By: Austin Kirk | Published: January 28th, 2013
A federal judge has ruled that during the discovery phase of the Pradaxa litigation, plaintiffs may obtain documents and other materials involving the marketing practices of Boehringer Ingelheim, including information about illegal promotions for medications that are not involved in the lawsuits.
In an order (PDF) issued January 18, U.S. District Judge David R. Herndon rejected a request filed by the drug maker for a protective order in response to discovery requests that seek information regarding any lawsuits that claimed Boehringer Ingelheim engaged in off-label marketing of medications for uses that were not approved by the FDA or alleged that the drug maker paid “kick backs” to doctors to encourage them to prescribe their products.
Plaintiffs have sought documents, names of employees and other materials involved in a whistleblower lawsuit filed by a former employee against Boehringer Ingelheim, involving the marketing of Aggrenox, Atrovent, Combivent and Micradis between 2001 and 2008. The case ended in a settlement agreement last year for illegal promotion of the medications, with Boehringer Ingelheim agreeing to enter a “Corporate Integrity Agreement.”
Boehringer Ingelheim filed a motion for a protective order, arguing that the requested information was not relevant to the claims raised in the Pradaxa lawsuits, which involve allegations that the drug maker failed to provide adequate warnings about the potential side effects of the anticoagulant, including the risk of uncontrollable bleeding.
The drug maker also argued that the discovery request was unduely burdensome and would delay the expeditious advancement of the Pradaxa litigation, which has an aggressive trial schedule, with the first cases expected to reach a jury in August 2014.
“The fact that the (whistleblower lawsuit) involved drugs other than Pradaxa does not make the information irrelevant for purposes of discovery,” wrote Judge Herndon the order. “It is entirely possible that the marketing policies and strategies at issue in the (whistleblower) action extended to (Boehringer Ingelheim)’s marketing of Pradaxa. Thus, the plaintiffs inquiry into those marketing practices and the individuals involved in those marketing practices appears to be reasonably calculated to lead to dsicovery of admissible evidence and is an appropriate subject of discovery.”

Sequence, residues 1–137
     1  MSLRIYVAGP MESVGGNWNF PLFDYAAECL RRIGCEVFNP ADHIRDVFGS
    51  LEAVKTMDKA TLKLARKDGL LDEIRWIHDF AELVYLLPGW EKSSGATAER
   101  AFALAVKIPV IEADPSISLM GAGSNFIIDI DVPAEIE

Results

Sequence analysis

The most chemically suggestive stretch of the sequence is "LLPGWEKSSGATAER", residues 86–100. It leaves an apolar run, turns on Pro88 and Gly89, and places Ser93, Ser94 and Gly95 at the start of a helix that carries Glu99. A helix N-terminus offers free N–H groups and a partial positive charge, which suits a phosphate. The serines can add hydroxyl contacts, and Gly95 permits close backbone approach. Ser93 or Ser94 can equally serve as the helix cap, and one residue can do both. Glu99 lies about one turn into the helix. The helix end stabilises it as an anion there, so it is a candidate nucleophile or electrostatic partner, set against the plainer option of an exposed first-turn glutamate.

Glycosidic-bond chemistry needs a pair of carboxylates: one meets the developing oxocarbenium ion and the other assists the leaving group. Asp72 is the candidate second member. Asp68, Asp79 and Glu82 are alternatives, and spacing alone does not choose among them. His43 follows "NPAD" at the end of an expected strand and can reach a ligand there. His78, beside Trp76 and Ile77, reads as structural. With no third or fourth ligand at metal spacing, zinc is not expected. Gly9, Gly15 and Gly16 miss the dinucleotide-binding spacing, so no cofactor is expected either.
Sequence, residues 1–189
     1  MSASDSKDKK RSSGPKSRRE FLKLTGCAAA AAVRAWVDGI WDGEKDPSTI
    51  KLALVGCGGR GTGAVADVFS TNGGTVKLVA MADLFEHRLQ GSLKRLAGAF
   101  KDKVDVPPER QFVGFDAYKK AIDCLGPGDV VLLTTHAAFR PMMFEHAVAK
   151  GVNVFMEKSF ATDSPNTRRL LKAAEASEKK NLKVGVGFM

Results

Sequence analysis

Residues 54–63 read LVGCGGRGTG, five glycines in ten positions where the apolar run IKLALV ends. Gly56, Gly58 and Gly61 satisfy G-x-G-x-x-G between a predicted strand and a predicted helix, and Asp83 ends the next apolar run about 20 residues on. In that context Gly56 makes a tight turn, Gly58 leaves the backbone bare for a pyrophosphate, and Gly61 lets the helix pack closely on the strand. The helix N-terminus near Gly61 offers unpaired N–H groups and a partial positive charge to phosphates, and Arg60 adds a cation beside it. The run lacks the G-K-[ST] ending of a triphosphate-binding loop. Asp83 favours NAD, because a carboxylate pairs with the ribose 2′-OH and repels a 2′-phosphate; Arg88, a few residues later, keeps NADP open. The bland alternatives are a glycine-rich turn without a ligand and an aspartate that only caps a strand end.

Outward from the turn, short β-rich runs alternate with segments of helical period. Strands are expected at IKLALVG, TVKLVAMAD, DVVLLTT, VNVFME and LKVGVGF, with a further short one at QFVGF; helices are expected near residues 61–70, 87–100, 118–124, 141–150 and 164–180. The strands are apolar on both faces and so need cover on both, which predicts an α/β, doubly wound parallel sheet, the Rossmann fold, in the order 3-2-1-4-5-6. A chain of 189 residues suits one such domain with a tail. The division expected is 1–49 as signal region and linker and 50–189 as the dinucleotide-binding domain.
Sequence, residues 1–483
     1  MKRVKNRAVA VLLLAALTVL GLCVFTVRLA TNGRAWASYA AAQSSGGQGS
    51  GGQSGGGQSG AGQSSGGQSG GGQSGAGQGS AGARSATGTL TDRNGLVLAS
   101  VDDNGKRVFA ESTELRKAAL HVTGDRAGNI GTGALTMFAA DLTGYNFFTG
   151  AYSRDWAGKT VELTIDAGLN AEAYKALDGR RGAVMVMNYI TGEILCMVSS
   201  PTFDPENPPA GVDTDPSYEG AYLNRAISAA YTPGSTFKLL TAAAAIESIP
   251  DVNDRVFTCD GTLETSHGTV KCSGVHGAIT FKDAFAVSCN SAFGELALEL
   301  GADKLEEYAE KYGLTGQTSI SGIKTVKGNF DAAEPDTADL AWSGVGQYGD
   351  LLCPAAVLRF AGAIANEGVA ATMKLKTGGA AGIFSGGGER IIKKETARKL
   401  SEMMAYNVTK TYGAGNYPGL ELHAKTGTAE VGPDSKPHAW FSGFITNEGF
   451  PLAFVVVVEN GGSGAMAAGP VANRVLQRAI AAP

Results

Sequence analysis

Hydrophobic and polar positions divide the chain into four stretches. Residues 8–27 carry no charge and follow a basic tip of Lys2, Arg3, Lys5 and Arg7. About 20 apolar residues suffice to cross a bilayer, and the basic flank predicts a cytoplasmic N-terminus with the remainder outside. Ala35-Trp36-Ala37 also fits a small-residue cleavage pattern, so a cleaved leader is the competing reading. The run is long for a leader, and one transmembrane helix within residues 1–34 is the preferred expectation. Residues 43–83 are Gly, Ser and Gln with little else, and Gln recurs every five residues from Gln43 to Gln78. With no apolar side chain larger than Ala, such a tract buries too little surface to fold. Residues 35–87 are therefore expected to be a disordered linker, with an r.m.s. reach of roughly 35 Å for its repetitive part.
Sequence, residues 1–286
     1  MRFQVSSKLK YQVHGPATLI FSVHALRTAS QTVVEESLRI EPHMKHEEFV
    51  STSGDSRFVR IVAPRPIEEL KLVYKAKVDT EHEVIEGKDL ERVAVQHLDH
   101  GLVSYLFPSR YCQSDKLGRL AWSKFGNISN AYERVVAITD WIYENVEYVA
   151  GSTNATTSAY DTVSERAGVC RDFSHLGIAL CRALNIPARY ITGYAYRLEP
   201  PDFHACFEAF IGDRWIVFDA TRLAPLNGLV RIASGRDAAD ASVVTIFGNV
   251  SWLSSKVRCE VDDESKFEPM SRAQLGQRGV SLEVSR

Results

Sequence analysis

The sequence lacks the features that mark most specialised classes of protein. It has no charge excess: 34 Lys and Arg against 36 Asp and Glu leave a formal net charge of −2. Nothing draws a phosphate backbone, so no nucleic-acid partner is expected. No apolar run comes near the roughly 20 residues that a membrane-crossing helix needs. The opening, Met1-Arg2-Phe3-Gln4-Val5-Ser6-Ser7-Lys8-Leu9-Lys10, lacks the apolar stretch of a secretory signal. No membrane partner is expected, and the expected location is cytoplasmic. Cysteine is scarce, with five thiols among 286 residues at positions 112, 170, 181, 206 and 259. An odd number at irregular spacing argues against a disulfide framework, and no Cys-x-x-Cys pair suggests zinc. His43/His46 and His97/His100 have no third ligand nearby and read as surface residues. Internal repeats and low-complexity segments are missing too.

Judge Herndon cautioned that the evidence obtained will not necessarily turn out to be admissible in court. He also dismissed Boehringer Ingelheim claims that finding and turning over the documents would be overly burdensome.
Plaintiffs’ attorneys have indicated that the information may establish a pattern of actions by Boehringer that show that the company may have engaged in illegal marketing of Pradaxa.
Pradaxa Lawsuits Filed Over Bleeding Side Effects
Pradaxa (dabigitran) is an anticoagulant that was introduced by Boehringer Ingelheim in October 2010 for prevention of strokes in patients with atrial fibrillation.
The medication has been promoted as a superior alternative to warfarin (Coumadin), because it is easier to take and requires less monitoring. However, while users of warfarin can be given a dose of vitamin K to quickly stop any bleeding problems that may develop while taking the older medications, no such antidote or reversal agent is available to stop Pradaxa bleeding problems.
About 200 complaints have been filed against Boehringer Ingelheim in the federal court system, with the litigation centralized before Judge Herndon as part of an MDL, or multidistrict litigation. Judge Herndon has established a case management plan where a handful of cases are being prepared for early trial dates, which are expected to go to trial in August 2014. Judge Herndon has also ordered the parties to meet every month starting in August 2013, to discuss potential Pradaxa settlement agreements.